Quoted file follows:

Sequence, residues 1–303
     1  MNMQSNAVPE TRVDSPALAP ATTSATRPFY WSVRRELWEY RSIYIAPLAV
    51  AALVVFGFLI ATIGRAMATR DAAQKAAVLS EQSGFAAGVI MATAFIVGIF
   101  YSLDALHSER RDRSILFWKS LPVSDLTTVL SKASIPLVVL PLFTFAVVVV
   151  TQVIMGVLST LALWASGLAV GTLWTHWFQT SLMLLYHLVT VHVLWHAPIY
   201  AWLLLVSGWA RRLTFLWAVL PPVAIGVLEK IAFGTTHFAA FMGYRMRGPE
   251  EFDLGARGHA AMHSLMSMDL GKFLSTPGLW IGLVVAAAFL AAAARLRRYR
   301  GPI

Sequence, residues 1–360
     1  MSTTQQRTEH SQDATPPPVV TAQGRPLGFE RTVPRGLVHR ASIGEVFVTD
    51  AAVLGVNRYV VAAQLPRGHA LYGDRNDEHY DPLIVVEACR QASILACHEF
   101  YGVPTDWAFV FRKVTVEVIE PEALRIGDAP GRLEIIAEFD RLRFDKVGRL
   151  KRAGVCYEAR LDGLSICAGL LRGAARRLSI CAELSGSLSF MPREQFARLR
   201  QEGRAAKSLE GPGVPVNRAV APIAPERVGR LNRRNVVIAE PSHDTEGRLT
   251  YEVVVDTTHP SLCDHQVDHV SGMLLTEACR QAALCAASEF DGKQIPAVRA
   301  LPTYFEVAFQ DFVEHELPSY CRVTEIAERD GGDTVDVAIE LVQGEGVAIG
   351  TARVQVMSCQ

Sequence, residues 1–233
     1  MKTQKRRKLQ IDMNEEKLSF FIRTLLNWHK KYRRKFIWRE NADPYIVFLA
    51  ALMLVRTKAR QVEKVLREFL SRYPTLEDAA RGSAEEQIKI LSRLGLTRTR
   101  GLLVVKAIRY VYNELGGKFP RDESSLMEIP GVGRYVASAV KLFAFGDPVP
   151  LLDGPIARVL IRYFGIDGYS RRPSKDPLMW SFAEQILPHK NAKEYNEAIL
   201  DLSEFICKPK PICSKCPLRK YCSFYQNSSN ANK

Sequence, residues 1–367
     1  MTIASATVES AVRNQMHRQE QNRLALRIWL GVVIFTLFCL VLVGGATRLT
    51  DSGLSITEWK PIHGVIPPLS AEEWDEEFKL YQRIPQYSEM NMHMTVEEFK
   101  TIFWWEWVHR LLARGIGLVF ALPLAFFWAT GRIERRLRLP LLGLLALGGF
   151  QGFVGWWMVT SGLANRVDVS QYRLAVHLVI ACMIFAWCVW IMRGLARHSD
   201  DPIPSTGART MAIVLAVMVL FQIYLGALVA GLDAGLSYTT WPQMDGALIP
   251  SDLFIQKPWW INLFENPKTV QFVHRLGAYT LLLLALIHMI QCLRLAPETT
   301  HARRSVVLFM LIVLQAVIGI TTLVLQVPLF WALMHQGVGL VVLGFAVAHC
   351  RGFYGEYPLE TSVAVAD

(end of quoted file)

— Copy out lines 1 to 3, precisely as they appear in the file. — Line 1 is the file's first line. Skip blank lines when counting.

Sequence, residues 1–303
     1  MNMQSNAVPE TRVDSPALAP ATTSATRPFY WSVRRELWEY RSIYIAPLAV
    51  AALVVFGFLI ATIGRAMATR DAAQKAAVLS EQSGFAAGVI MATAFIVGIF